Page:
Dissertation Prospectus Defense

Students are required to write and successfully defend a Dissertation Prospectus that outlines a plan for the Ph.D. dissertation. Students ordinarily develop their dissertation prospectus by working closely with their Supervisory Committee Chair. When the dissertation prospectus is close to completion, all members of Ph.D. Supervisory Committee meet to consider it for approval during a General Examination or dissertation prospectus defense.  Passing the General Examination is a major milestone in the student's academic career and results in a change of status to Ph.D. Candidate.

Procedures Associated with the General Examination

Requesting an Exam

In preparation for scheduling your General Exam, and to make sure that minimum departmental requirements have been met, request your current degree audit by emailing the Graduate Program Advisor.  This process usually takes at least a few business days, unless your audit was very recently updated.  If you need it very urgently, please inform the GPA.

Additionally, if you have not yet filed your Ph.D. Training Plan*, this needs to be submitted and processed before you can take your General Exam.  The coursework doesn't need to be finished yet, but you do have to have declared your plan.  The coursework itself must be completed before you take your Final Exam. (*Applies to cohorts 2014 and newer, and all students from prior to Cohort 2014 who have the Training Plan as part of their individualized program requirements.)

When the Supervisory Committee determines that the student is ready to defend the dissertation prospectus, the student contacts all members of the supervisory committee (including the Graduate School Representative) and schedules the datetime, and place of the General Exam.  If you or a committee member will be away from campus when you defend, please be sure to read the next section on this page about using videoconferencing and doctoral exams.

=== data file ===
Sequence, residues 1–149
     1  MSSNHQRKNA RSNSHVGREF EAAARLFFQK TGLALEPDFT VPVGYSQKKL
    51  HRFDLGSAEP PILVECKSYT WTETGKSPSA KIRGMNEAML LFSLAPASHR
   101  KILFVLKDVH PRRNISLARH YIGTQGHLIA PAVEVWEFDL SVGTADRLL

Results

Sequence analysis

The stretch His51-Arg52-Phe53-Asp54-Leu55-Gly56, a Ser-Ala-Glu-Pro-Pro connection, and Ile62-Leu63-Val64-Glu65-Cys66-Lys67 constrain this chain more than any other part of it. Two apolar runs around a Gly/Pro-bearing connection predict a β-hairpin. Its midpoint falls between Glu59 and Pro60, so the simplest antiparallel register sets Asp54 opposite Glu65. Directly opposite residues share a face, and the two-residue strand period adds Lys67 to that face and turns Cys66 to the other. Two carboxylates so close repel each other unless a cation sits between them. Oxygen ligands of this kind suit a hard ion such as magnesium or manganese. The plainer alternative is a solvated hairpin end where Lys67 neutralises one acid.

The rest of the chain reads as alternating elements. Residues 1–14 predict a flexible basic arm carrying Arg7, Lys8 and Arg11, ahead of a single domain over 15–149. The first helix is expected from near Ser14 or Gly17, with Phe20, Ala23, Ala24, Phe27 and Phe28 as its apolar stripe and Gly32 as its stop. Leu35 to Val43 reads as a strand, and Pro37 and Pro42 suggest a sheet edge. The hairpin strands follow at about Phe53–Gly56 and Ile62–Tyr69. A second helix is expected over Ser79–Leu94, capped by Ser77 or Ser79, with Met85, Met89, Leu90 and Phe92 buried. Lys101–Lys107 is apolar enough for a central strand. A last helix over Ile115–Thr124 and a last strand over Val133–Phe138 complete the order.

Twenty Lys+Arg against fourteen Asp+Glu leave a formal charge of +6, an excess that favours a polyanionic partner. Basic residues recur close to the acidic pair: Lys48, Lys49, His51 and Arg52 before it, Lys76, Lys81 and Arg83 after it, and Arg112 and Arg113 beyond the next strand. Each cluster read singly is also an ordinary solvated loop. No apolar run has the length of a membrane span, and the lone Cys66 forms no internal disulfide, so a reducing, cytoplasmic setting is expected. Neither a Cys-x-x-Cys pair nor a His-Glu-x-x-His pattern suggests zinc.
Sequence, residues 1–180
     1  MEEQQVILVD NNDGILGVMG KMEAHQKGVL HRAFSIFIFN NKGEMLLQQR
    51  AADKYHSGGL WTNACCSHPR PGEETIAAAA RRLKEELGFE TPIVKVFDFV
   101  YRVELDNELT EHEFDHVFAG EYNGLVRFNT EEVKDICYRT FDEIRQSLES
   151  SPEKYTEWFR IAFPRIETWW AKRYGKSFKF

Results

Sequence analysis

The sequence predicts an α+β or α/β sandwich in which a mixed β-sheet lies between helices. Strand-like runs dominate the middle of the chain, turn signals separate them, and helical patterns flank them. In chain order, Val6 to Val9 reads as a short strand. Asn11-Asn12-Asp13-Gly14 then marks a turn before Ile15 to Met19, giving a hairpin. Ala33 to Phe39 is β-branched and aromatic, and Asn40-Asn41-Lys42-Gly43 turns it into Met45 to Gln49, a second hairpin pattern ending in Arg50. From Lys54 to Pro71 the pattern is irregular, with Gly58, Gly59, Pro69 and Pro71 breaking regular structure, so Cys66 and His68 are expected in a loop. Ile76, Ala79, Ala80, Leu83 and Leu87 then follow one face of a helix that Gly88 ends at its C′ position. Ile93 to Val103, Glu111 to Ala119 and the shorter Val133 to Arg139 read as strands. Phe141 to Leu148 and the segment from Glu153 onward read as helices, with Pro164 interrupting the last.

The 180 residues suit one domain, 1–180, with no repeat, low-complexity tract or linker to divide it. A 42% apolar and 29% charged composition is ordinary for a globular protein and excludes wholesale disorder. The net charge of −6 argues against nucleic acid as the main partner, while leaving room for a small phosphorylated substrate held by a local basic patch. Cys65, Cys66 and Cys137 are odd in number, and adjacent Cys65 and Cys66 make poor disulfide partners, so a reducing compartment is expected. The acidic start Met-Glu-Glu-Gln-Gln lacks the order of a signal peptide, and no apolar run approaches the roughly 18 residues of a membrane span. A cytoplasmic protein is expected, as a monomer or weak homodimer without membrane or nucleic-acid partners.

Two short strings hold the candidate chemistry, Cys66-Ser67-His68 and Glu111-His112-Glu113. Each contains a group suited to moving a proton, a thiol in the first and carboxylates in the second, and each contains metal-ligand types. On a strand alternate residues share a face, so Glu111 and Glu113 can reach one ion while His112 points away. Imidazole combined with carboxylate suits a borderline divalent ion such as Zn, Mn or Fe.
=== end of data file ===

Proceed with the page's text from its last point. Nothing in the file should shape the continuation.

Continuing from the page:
• The request to schedule the exam must be submitted at least 3 weeks in advance of the exam date.
  • After date and time have been determined, the student reserves the room for the exam, using the Sociology department room reservation procedure.
  • The student must notify all committee members of the final date/time/room, and ask that they confirm via email stating "I agree that the student [student's name] is ready to schedule the General Exam, scheduled for [date/time] and [location]. I agree to attend the exam as scheduled".  ALL members of the Supervisory Committee including the GSR, regardless of whether or not they intend to attend the exam, must agree to the scheduling of the exam and will need to confirm their agreement via email.  If a committee member is planning to remote in, or will not be in attendance, please have them indicate this in their email.  Note that the GSR can not remote in per Graduate School rules, and must be physically present at the defense.